Of course, with personal data, or commercial sensitive data, increasingly being shared around between banks, super funds, tax agents and the ATO, there’s a larger attack surface for cybercriminals. Hirschhorn stated that the ATO was aware of this and taking all the necessary precautions.

“The flip side of digitisation is cybersecurity,” he said. “There is [the possibility] of cyber-enabled identity fraud and cyber-enabled information theft. In the time it takes me to make this speech, there will be 4,000 attempted hacks on the ATO’s system. There are three million attempted hacks of the ATO’s system every month. The systems of tax agents and super funds are also a ripe source of data. Increasingly, we see cascading penetration attempts, where criminals attempt to obtain information from different devices before putting it together for a fraud attempt… the Optus data breach has really brought home how vulnerable many businesses and organisations are to attack and dispelled any sense of hubris. That’s a topic on its own but the ATO will continue to strengthen our safeguards and think about how we can help the broader ecosystem that you [tax agents] are part of.”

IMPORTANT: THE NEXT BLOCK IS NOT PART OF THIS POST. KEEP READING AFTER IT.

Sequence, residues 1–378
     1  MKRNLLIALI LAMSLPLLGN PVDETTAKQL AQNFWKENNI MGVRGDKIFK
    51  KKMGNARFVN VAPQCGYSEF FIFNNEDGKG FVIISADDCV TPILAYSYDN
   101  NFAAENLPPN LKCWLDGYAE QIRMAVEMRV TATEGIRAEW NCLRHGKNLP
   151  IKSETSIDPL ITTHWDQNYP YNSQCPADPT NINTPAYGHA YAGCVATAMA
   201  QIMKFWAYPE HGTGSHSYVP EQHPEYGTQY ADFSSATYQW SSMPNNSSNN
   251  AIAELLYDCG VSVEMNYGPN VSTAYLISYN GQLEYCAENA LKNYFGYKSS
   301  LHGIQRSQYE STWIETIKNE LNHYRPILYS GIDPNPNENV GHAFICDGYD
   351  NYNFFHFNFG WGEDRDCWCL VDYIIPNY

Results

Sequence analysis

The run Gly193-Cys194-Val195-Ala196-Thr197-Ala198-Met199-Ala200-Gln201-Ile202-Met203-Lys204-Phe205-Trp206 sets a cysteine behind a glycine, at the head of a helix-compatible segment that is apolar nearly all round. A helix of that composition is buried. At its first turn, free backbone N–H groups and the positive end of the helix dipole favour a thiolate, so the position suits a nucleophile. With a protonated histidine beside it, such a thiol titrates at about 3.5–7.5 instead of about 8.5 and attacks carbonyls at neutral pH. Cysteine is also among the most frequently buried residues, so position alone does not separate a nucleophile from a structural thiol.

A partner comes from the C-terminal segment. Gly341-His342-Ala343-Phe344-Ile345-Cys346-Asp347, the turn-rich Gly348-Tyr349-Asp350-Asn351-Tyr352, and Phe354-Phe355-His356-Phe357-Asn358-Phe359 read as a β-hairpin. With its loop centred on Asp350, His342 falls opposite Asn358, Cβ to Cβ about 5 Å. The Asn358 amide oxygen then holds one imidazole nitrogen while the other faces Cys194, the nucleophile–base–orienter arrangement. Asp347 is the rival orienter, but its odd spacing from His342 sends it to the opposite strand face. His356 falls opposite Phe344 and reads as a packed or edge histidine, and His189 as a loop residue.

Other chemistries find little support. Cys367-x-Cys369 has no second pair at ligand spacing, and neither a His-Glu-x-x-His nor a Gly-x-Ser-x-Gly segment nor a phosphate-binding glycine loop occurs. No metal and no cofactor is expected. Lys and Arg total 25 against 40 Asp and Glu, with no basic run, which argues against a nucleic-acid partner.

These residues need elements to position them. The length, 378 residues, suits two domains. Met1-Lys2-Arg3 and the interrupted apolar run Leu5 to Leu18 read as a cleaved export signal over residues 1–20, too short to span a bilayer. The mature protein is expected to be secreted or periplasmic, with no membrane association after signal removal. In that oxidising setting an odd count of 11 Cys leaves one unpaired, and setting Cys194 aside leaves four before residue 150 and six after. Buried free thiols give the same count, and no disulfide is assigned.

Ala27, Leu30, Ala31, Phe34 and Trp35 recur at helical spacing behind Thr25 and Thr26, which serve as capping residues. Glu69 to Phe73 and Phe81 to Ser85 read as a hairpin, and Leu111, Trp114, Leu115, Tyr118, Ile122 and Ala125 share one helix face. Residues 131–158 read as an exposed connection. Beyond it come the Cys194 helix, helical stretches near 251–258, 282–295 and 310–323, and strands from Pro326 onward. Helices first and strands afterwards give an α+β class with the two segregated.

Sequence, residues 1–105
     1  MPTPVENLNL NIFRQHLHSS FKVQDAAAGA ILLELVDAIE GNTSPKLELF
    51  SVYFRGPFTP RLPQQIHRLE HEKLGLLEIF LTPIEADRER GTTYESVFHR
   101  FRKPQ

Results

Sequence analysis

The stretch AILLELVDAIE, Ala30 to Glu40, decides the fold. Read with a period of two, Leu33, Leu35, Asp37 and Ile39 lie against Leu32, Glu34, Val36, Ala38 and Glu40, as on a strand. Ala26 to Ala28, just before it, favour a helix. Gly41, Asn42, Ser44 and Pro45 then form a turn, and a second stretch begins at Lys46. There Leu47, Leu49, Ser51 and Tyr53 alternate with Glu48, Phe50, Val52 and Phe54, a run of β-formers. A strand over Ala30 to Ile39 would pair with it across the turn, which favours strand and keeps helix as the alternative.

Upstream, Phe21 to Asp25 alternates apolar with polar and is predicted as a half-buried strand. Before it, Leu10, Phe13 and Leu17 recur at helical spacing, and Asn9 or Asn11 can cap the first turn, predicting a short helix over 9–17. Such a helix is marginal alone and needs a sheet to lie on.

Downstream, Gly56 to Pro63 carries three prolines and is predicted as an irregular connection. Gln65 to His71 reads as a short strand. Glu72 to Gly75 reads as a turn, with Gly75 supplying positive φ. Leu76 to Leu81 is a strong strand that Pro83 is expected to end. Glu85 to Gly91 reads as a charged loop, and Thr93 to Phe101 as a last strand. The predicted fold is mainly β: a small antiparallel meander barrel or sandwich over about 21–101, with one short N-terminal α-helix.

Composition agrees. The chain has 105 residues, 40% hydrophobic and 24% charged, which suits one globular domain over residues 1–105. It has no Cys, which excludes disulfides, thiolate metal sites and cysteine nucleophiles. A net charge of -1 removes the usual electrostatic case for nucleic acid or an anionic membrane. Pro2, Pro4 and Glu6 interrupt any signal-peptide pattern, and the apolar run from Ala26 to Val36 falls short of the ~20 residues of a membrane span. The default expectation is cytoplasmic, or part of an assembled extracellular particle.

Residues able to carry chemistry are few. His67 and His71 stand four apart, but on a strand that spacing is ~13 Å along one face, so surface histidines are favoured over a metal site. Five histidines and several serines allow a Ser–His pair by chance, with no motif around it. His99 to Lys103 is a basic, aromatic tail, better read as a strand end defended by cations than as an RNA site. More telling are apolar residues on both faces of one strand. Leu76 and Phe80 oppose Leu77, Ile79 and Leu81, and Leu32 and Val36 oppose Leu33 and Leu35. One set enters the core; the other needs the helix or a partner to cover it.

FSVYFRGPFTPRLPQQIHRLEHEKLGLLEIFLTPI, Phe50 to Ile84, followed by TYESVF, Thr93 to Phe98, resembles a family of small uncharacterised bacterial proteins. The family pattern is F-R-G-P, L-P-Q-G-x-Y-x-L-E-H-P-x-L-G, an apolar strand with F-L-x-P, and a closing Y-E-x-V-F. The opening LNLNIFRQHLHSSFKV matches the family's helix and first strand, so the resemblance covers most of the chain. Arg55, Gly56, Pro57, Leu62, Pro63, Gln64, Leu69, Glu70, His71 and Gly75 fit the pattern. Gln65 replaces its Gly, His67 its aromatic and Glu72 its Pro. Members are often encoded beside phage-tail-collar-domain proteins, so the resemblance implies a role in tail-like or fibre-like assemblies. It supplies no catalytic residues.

The panel joins a compelling speaker lineup of the nation's most forward-thinking minds at The Tax Summit, including former Prime Minister The Hon Malcolm Turnbull AC, Atlassian Work Futurist Dominic Price and Allegra Spender MP. 

On 25th October, the Labor Government will deliver its first Federal Budget since elected. The Tax Institute (TTI) experts will be producing insights and analysis to guide members through the tax measures announced and their impact on clients. TTI spokespeople will be available on the night for comment on tax measures. TTI’s in-depth report and access to its post-budget analysis webinar can be found here.